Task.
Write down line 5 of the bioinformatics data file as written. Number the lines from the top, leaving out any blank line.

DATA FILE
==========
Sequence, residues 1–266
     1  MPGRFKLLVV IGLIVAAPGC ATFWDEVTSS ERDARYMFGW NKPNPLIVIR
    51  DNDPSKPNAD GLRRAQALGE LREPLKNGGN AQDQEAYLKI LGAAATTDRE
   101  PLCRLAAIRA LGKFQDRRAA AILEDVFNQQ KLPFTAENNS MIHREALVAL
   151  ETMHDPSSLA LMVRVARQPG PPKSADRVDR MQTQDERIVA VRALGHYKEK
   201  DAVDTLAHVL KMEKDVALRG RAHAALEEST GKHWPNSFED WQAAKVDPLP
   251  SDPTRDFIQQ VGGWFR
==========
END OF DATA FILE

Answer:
   151  ETMHDPSSLA LMVRVARQPG PPKSADRVDR MQTQDERIVA VRALGHYKEK